Predicting the lifespan of a ship
As buildings are becoming larger, the risk of unexpected collapse is also growing. Researchers at the University of Southern Denmark have come a step closer to calculating the lifespan of a building.
- Constructions are becoming larger and larger, but at the same time there is focus on restricting the consumption of materials. It means that constructions are becoming softer, and the risk from strong vibrations is increasing, says Esben Orlowitz, PhD at the Centre of Maritime Technology, University of Southern Denmark. He continues:
- Therefore, it is important to consider the construction's sensitivity to vibrations in the design of skyscrapers, bridges, ships or other large constructions.
Sensors reveal vibrations
Esben Orlowitz has written a PhD on how sensors can be used to reveal how sensitive a construction is to vibrations. More particularly, the construction's ability to absorb and limit the vibrations so it can withstand the rigours it is exposed to.
Incorrectly determined attenuation in a construction can lead to unpredicted accidents due to metal fatigue. A fatal example of this is the oil rig Alexander Kielland, which collapsed in 1980 killing 123 people.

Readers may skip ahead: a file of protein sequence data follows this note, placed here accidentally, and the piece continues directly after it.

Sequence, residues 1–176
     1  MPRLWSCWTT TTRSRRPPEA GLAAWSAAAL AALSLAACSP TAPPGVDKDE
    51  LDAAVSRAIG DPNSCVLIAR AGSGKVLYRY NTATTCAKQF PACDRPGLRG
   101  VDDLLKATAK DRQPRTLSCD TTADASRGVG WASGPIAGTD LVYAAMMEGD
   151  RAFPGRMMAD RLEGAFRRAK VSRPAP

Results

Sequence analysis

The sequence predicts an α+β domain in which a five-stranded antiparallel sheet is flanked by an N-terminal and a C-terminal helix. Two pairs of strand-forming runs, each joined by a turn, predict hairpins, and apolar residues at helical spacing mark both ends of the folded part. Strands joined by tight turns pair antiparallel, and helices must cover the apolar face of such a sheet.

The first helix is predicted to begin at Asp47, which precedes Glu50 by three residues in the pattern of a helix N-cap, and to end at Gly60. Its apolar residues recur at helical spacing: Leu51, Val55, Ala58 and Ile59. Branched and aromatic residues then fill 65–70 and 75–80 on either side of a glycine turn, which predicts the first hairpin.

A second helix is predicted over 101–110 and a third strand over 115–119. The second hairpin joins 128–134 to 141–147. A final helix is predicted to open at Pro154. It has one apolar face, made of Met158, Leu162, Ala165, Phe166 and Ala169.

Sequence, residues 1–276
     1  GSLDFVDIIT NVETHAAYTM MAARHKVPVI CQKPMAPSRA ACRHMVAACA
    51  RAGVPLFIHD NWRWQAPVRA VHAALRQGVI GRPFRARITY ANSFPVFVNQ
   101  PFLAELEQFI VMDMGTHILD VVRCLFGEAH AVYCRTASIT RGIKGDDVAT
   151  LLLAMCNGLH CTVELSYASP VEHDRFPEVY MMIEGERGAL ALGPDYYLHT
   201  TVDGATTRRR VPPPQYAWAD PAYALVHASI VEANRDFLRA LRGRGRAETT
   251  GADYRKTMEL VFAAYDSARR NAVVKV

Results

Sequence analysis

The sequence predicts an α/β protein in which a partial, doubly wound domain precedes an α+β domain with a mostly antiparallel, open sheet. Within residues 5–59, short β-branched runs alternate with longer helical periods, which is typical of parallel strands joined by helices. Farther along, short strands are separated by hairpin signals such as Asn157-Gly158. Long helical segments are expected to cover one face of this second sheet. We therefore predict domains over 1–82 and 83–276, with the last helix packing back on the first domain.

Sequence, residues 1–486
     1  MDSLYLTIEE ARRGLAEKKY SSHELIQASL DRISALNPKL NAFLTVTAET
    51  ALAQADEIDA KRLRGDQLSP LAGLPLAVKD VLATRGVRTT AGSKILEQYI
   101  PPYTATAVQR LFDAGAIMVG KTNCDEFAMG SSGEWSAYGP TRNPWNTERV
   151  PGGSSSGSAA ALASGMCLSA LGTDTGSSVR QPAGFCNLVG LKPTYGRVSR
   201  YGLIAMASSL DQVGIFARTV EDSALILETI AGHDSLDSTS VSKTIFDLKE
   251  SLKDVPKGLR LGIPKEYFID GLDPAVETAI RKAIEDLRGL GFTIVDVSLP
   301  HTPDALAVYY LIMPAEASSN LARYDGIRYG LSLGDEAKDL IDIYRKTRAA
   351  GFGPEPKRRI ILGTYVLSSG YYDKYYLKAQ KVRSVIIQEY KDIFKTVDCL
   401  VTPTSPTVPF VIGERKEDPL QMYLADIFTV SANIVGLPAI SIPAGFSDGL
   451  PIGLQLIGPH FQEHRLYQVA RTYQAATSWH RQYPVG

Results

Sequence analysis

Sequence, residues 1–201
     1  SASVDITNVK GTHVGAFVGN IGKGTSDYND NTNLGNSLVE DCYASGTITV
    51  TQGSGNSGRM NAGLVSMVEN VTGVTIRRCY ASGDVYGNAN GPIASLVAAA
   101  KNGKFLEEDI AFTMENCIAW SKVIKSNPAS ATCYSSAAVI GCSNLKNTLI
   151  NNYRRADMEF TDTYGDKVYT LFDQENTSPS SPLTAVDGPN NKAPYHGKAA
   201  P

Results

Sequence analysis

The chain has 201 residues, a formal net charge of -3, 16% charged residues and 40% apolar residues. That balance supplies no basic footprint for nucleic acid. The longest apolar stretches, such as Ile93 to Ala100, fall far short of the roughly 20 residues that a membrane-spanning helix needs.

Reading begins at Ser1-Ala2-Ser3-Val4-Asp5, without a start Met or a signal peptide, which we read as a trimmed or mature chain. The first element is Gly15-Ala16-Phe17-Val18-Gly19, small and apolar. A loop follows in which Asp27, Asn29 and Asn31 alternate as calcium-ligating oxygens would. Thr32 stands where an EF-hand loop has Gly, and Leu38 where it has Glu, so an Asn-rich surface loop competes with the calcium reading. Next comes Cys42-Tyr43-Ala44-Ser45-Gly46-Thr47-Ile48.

But it is also important to avoid vibrations for reasons of comfort. Many people become seasick when they are in tall buildings during a storm, or when the floor vibrates in large halls.
- Everyone wants to reach the point where measurements can be used to predict the lifespan of a construction. For example, it is very important for a shipowner to know whether his ship can sail safely for 5 more years, or whether it should be scrapped. The decision is very dependent on correctly determined attenuation, explains Esben Orlowitz.
Measurement method is reliable
Esben Orlowitz has shown through experiments that the otherwise maligned measurement method OMA is a reliable method in assessing the attenuation of a construction.
- My research has shown that the method can easily be used. OMA also has the advantage that measurements can be taken under actual conditions, for instance while a ship is sailing. Sensors can be set to measure the vibrations on different places on the construction, explains Esben Orlowitz and continues:
- The measurements give a picture of the construction's sensitivity to vibrations, which is important in estimating the lifespan of a construction.
Construction must be completed
But even with the most advanced computer programmes, it is nearly impossible to theoretically calculate the attenuation of large constructions before they are completed.
- The only way to determine how a construction will respond to the stresses it is exposed to is to measure existing constructions. The measurements can then be used to improve similar constructions in the future, explains Esben Orlowitz.